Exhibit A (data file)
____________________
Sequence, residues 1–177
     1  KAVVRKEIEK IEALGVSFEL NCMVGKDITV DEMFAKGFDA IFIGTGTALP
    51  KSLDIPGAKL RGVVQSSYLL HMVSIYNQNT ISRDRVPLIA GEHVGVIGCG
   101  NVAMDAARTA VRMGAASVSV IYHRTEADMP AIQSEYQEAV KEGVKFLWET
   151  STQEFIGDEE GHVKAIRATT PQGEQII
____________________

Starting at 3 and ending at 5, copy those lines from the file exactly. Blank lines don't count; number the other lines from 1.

    51  KSLDIPGAKL RGVVQSSYLL HMVSIYNQNT ISRDRVPLIA GEHVGVIGCG
   101  NVAMDAARTA VRMGAASVSV IYHRTEADMP AIQSEYQEAV KEGVKFLWET
   151  STQEFIGDEE GHVKAIRATT PQGEQII